‘FIGHTING CARS’ AND SIBLINGS AT WAR: The Ceres Liner paradox baffles outsiders

Straight Talk column by Jerry Taclino


There seems to be no end in sight to the conflict within the Yanson family, owner of Vallacar Transit Inc. (VTI) the company that operates Ceres Liner.

The conflict first caught public attention July 7, 2019 when four of the Yanson children – Celina, Emily, Roy and Ricardo Jr. took over the management and control of VTI headquarters in Mansilingan, Bacolod City.

Through a ‘special board meeting’ the VTI chief executive officer (CEO) Leo Rey Yanson were stripped of his position and power in the company. Roy Yanson became the new VTI chief.

A flurry of suits and counter-suits followed as the mother Olivia Yanson and daughter Ginette Yanson-Dumancas sided with the deposed Leo Rey.

But six weeks later and with a little help from the police, Leo Rey is back in the saddle at the disputed VTI headquarters. Meanwhile, the legal battles continue between the warring Yanson camps.

The Yanson family tragedy confounds a success story that is VTI-Ceres Liner which could better be understood when seen in the early stage of its history and development.

Ceres bus by  Vallacar Transit Inc.
Ceres bus by Vallacar Transit Inc.

As a struggling journalist then I was privileged to have two exclusive interviews with Ricardo Yanson Sr. (now deceased) in 1988 – 1989 at Sarabia Manor Hotel, recently renamed The Mansion in Iloilo City. At the time VTI were barely starting operation in Panay.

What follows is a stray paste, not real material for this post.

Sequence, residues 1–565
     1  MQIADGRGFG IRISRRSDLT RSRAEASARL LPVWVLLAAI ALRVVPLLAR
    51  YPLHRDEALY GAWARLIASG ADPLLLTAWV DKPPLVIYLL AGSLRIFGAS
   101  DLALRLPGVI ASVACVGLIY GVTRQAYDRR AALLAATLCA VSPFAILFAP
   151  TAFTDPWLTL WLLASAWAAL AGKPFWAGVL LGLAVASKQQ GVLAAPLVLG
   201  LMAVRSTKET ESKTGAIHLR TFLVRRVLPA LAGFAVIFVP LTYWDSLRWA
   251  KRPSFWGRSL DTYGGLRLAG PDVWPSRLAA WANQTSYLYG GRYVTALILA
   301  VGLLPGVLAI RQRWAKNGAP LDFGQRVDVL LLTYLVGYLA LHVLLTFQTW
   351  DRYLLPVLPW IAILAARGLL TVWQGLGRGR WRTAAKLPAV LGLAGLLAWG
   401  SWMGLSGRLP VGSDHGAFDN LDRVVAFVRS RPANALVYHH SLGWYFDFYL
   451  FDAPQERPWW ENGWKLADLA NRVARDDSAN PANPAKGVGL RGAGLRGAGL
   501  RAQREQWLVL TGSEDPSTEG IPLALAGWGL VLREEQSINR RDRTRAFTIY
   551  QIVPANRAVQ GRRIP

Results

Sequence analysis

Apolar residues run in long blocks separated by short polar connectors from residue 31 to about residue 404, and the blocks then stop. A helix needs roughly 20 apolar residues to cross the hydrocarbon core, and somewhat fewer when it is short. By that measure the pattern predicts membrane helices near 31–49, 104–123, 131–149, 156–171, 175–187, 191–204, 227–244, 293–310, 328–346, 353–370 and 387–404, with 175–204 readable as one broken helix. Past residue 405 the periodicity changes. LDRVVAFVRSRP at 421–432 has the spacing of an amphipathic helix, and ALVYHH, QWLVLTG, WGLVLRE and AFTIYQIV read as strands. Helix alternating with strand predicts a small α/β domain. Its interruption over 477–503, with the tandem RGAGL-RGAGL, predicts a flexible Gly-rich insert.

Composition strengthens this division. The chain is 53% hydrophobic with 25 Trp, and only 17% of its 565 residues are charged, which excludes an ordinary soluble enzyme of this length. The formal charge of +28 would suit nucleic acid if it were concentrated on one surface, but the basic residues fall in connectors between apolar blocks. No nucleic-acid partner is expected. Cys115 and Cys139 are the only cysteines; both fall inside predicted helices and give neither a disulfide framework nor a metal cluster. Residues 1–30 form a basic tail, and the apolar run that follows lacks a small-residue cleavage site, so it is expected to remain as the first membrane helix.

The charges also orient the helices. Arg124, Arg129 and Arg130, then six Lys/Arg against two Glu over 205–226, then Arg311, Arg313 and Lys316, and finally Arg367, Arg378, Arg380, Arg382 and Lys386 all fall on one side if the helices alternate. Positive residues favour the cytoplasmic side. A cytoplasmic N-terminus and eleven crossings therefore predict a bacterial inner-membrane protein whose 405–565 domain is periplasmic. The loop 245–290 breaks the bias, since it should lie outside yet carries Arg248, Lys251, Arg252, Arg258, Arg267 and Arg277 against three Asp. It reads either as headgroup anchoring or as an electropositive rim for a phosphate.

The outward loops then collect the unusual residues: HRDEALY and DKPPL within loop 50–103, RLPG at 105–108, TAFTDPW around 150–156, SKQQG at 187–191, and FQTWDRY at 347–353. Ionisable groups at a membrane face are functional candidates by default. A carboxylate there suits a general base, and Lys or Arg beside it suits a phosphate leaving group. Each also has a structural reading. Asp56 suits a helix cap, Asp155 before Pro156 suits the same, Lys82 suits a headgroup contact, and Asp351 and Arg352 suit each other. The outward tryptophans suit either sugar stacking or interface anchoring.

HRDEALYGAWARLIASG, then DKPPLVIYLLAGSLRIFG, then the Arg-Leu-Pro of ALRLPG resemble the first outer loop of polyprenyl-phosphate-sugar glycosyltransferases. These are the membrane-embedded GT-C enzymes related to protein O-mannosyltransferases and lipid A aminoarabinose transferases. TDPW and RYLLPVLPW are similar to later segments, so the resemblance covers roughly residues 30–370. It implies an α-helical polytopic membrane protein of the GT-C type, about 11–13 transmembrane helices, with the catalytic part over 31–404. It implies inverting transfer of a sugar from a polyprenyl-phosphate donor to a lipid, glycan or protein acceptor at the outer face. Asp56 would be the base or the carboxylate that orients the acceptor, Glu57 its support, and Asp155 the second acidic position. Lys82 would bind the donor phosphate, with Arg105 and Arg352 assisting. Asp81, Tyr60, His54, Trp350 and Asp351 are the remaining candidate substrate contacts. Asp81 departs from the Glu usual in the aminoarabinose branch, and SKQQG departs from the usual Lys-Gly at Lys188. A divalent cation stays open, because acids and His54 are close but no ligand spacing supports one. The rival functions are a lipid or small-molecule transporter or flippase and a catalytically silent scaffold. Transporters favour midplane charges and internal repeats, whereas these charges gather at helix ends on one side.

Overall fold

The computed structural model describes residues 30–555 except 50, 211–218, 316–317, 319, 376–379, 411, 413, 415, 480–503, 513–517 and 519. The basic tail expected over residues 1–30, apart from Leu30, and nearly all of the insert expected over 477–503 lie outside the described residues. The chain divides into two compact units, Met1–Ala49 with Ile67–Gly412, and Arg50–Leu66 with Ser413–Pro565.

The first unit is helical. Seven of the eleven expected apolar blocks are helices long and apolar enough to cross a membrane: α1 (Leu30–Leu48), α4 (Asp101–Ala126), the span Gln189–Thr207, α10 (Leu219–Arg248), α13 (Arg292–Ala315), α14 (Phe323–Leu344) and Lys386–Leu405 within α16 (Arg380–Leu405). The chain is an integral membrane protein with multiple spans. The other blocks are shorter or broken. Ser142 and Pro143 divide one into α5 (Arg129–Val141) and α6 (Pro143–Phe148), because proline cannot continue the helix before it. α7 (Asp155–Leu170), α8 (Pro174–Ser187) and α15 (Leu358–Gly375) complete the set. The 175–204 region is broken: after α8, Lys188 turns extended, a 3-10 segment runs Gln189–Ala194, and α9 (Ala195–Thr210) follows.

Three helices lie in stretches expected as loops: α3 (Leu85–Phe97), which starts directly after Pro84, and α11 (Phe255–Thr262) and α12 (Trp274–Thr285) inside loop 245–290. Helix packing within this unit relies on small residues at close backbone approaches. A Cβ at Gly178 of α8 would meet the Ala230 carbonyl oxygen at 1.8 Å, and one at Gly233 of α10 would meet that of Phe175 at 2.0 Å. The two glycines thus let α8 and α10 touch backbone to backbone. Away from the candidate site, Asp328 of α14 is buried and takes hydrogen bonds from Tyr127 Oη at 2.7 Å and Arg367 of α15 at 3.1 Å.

Viewed by established bus firms in Panay as a “carpetbagger” Ric Yanson nevertheless were so sure he would soon dispatch of the competition.

One tool which he disclosed in the interview provided I kept it “off the record” for some time were the use of “fighting cars”.

A fighting car is an extra, unscheduled bus. It goes ahead by 3 or 5 minutes of the scheduled Ceres bus (which usually had the same schedule with a competing bus).

The fighting car picks up the waiting passengers on the way but slows down for the scheduled Ceres bus to catch up and transfers the passengers to the scheduled Ceres bus after passing a few towns later.

Suffice it to say that one by one, the competition in Panay were waylaid: the Garnett buses in Northern Iloilo, 76 Express in the South to Antique, and CBL in the central Iloilo route, among other bus lines.

During the decade between 2001 and 2010 when light vans posed some threats to bus companies, the Ceres owner remained unfazed.

“Ang gina-kita nila sina ganansya lang naton sa gasolina,” Yanson told a Christmas party gathering at the Ceres motor pool in Jaro, Iloilo City. VTI buys fuel in bulk and at wholesale price for its buses.

Besides his business acumen and technical expertise Ric Yanson was a visionary. As early as the 1970s and 1980s VTI were already importing brand new engines from Japan.

Also then Ric Yanson could afford the imported metal plates for local assembly of bus chassis. After all, much earlier VTI were granted a “pioneering” status by the Board of Investments (BOI) thus giving the bus company generous tax incentives and related government perks /jft

(Next : Family Business, or Business Family?)

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